History of Hymnody – Tuesday, September 19, 2017
I. Background Questions:
A. Why poetry vs. prose?
B. What is hymn?
C. Purpose of hymns:
1. Essential to who we are: “For what else can I do, a lame old man, than sing hymns to God? If then I was a nightingale, I would do the part of a nightingale: if I were a swan, I would do like a swan. But now I am a rational creature, and I ought to praise God: this is my work; I do it, nor will I desert this post, so long as I am allowed to keep it; and I exhort you to join in this same song.” Epictetus (55AD-135AD), The Discourses, Book 1, Chapter 16.
2. Hymns become our own: “When someone reads the words of a psalm as an act of worship, he or she takes over, in a sense, the psalm’s authorship. It may have been written by an ancient Levite, but at the moment of its recitation, its words become the worshiper’s own.” Kugel, How to Read the Bible, 472-73. The LORD is MY shepherd, not just David’s.
3. Congregational singing makes us one body: When choirs sing, their hearts rates become synchronized.
II. Old Testament Hymns:
A. Book of Odes: Eastern Orthodox Church hymnal (c.400):
1. Ode of Moses (Ex. 15:1-19)
2. Ode of Moses in Deuteronomy (Deut. 32:1-43)
3. Prayer of Anna (1 Sam. 2:1-10)
4. Prayer of Habakkuk (Hab. 3:2-19)
5. Prayer of Isaiah (Isa. 26:9-20)
6. Prayer of Jonah (Jon. 2:3-10)
7. Prayer of the Three Holy Youths (Dan. 3:26-56)
8. Hymn of the Three Holy Youths (Dan. 3:57-88)
9a. Hymn of the Theotokos (Lk. 1:46-55)
9b. Prayer of Zacharias (Lk. 1:68-79)
B. Song of the Sea (Moses) – Found in Exodus 15. Mentioned in Revelation 15:3.
C. What does “Psalm” mean?
III. Singing in the New Testament
A. No musical instruments were used in the Synagogues.
1. Playing instruments are work. (Talmud: Tractate Beitzah, 5.2)
2. Instrumental music limited to Temple. (Psalm 137:1-6)
IV. Singing in the Early Church
A. Pliny was governor of Pontus/Bithynia (area of Turkey bordering the Black Sea) for 111-113 and wrote the Emperor Trajan after his interrogation of Christians. He describes their testimony as to their worship service as follows:
They asserted, however, that the sum and substance of their fault or error had been that they were accustomed to meet on a fixed day before dawn and sing responsively a hymn to Christ as to a god, and to bind themselves by oath, not to some crime, but not to commit fraud, theft, or adultery, not falsify their trust, nor to refuse to return a trust when called upon to do so. When this was over, it was their custom to depart and to assemble again to partake of food–but ordinary and innocent food.
B. No musical instruments:
1. Same form of worship as the synagogue.
2. Clement of Alexandria (150-215)’s The Instructor, Book 2.4: “We no longer employ the ancient psaltery, and trumpet, and timbrel, and flute, which those expert in war and contemners of the fear of God were wont to make use of also in the choruses at their festive assemblies. . . .”
3. Instrumental music generally shunned in Greek philosophical thought: “Where there are men of worth and culture, you will find no piping or dancing or harping.” Protagoras (481BC-411BC)
C. Early Christian Hymns:
1. Gloria (late 1st c. to early 3rd c.) 1979 BCP 356
2. O Gladsome Light (Phos Hilaron) (c.150) 1979 BCP 64, 1982 Hymnal 25
3. Te Deum (c.400) 1979 BCP 95
D. Ambrose, Bishop of Milan (340-397)
1. Before Ambrose, hymns were unmetered and in a prose style like that of the Gloria and the Te Deum. There was no singing in the church. Ambrose introduced antiphonal chant. He set simple hymns to the metrical tunes of the Roman soldiers (188.8.131.52.) in order to teach Trinitarian theology to the people at a time to counteract the Arian heresy.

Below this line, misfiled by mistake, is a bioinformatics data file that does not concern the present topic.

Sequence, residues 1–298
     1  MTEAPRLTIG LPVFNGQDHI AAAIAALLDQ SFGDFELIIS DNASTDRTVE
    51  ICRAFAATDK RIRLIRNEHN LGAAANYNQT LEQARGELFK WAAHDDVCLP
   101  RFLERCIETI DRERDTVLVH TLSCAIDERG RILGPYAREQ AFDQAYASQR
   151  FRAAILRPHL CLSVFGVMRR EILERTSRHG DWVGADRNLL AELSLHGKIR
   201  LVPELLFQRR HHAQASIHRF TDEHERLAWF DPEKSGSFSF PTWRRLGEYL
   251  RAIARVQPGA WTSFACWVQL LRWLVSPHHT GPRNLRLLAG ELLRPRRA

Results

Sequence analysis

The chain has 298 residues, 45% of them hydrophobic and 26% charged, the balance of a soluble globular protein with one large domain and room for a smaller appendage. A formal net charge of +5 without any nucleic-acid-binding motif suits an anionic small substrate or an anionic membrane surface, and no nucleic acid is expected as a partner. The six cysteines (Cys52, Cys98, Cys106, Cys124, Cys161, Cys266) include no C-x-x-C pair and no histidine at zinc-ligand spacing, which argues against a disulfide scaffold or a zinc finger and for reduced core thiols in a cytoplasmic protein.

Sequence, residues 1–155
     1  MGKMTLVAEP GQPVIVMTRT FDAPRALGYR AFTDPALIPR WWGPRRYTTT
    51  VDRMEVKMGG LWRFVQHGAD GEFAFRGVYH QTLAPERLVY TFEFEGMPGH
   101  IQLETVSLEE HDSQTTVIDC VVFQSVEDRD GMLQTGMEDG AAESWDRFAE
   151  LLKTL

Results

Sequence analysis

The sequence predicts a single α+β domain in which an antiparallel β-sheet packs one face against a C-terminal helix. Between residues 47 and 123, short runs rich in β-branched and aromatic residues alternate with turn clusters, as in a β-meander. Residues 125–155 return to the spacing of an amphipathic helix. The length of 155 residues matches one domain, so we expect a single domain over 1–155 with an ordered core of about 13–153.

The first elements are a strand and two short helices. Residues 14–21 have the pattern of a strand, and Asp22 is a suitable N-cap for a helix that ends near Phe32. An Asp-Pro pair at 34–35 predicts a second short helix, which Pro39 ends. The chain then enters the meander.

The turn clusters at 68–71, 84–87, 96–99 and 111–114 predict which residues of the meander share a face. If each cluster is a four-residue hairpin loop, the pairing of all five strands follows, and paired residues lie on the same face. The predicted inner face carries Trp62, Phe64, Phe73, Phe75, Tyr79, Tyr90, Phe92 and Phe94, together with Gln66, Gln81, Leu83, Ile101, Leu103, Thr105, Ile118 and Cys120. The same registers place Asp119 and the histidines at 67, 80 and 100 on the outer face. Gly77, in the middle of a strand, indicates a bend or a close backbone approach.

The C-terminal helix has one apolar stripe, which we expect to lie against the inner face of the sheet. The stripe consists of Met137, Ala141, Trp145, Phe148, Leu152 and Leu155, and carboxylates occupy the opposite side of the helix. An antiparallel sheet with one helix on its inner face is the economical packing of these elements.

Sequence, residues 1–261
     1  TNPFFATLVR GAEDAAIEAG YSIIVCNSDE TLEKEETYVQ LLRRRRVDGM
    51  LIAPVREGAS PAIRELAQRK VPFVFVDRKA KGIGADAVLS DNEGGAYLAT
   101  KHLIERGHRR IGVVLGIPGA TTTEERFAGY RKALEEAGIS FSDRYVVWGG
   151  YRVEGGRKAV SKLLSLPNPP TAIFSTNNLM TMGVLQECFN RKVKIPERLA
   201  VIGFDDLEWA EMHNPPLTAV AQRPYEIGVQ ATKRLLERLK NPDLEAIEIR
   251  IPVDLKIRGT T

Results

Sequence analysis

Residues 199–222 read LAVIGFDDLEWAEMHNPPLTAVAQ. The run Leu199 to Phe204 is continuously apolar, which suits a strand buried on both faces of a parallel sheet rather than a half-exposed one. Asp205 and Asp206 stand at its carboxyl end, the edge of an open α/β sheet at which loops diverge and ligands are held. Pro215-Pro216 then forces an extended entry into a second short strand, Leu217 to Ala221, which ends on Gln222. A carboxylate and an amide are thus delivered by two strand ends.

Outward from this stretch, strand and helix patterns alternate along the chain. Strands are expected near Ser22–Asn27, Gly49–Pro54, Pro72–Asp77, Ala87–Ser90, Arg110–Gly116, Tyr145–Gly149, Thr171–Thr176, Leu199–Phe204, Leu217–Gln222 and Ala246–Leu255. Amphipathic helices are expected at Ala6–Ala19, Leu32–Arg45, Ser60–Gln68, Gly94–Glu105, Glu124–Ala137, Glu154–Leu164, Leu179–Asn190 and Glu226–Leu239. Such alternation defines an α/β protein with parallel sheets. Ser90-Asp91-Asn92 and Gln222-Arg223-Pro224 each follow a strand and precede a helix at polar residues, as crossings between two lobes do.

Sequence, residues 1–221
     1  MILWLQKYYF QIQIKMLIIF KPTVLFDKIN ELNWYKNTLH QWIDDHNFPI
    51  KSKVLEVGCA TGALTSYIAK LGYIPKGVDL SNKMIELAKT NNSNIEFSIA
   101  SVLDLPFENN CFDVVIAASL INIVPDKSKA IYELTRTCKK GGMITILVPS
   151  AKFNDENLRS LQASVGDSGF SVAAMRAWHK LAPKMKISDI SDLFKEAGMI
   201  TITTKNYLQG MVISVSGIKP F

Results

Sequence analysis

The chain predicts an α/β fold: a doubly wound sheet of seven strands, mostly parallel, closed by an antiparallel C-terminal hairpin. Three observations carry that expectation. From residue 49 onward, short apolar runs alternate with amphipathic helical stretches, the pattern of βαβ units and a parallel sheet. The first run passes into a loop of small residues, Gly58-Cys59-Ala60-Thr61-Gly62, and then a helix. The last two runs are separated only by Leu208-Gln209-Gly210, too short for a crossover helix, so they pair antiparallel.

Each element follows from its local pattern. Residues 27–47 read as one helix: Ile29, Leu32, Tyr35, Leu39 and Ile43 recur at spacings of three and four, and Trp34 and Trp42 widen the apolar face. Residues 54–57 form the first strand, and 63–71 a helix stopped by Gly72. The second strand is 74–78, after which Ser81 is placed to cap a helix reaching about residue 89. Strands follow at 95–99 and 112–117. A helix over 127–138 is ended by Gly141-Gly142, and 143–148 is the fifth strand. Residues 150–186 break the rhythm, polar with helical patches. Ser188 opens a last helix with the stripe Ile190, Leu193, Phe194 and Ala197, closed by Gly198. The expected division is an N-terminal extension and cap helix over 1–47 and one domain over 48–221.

2. 1982 Hymnal 5 (Splendor paternae gloriae) (see, also 14, 19, 21, 55, 233)
3. Augustine’s ambivalence to Ambrose’s introduction of singing in the church: “I therefore, vacillate between dangerous pleasure and tried soundness; being inclined rather to approve of the use of singing in the church, that so by the delights of the ear the weaker minds may be stimulated to a devotional frame. Yet when it happens to me to be more moved by the singing than by what is sung, I confess myself to have sinned criminally, and then I would rather not have heard the singing.” Confessions 10.33.50
V. Medieval Church: Still no musical instruments: “A Capella” is Latin for “as in the church.” Organs first appear in 10th century to accompany the chant. Gregorian chant was monophonic (only one line of music) and only cantors sang, not the congregation. Very different that the worship described in the Psalms. 1300’s introduction of polyphony where there are different line of music. Example of Renaissance polyphony is Thomas Tallis (1505-1585) – “If ye Love Me” (1560) (John 14:15-21).
A. John Hus (1369-1415) – Priest in Prague. He translated the liturgy and the bible into Czech. He advocated in giving the sacrament in both kinds to the laity and opposed the idea of Indulgences and purgatory. He also wrote hymns to be sung by the congregation in Czech in common melodies. This was a century before Martin Luther and Guttenberg Press. He was burned at the stake for heresy. His descendants are the Moravian Church. They published the first hymnal for congregational worship in 1501.
B. Martin Luther (1483-1546) – In 1517 he nailed his 95 Theses to the Wittenberg Cathedral. Like Hus he translated the liturgy and the Bible into German. And he wrote hymns to be sung by the congregation.
Next to the word of God, the noble art of music is the greatest treasure in the world. It controls our hearts, minds and spirits. A person who does not regard music as a marvelous creation of God does not deserve to be called a human being; he should be permitted to hear nothing but the braying of asses and the grunting of hogs!
He published his first hymnal of eight hymns and three tunes in 1524 for use in the church and home. The hymnal uses the vernacular and instrumental music. (It will be 300+ years until the Anglican Church has a hymnal with music.)
He wrote A Mighty Fortress (1529) (1982 Hymnal 688), the first line of which are inscribed on his tombstone.
C. John Calvin (1509-1564) – French theologian and contemporary of Martin Luther. Calvin sought to reestablish the early church. This means no hymns other than those found in Scripture and no musical instruments.